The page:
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consumers -- it originale off the m manufacturing label. everything would have to say "made in the u.s." i've seen noncompliance throughout the industry, especially in things like cosmetics and other products wherein said of saying country of origin, it was a distributed by. instead of saying country of origin, it says distributed by. from a labeling point of view, i am concerned about this. can you comment on this? guest: i understand your
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concern. we are getting more more of our food from overseas. i am not familiar with the bill. is regulated by the department of agriculture, not by the f ea. i understand your concern. host: apparently, there are 14 grams of sugar in a banana. democrats line, hi. just like the other caller, she said the country of origin is important. i'm glad she brought that up. i have read about that. for some reason, these corporations want to avoid that. the labels make a difference and it's something they should've had a long time ago. --y also need to it's been such a battle on it.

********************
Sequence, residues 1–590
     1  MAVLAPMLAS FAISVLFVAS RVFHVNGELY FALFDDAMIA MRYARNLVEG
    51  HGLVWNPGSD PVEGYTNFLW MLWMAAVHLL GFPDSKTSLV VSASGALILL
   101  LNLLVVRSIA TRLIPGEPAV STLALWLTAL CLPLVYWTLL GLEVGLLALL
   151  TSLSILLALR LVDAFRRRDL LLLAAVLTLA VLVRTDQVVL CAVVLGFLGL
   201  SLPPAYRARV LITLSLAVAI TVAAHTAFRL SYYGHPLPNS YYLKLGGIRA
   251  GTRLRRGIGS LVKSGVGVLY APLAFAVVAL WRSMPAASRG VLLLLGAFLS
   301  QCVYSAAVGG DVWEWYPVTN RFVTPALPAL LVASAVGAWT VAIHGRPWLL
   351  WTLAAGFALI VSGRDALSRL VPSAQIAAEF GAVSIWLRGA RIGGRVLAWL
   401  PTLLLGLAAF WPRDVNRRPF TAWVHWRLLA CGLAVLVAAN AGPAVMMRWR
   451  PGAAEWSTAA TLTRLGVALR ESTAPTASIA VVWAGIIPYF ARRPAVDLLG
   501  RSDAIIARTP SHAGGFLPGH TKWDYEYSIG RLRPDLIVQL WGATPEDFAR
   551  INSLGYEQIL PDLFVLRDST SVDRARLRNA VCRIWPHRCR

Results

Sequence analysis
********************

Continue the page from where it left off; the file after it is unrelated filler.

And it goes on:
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a lot of the processed food has a lot of stuff in it. you read the ingredients and you are horrified. host: you are breaking up a little bit so we will end your question there. guest: i don't know that it's an actual response but i think one of the things that does confuse people is they look at the ingredient list and they say there is a lot of chemicals. everything in life is a chemical. i don't think that should be a real concern. there are other things to be concerned about in food. host: if you're comparing the two labels, one thing that is bold on the new label that will is the effect in 2018 serving size. who determines what the serving size is? guest: the fda determines that.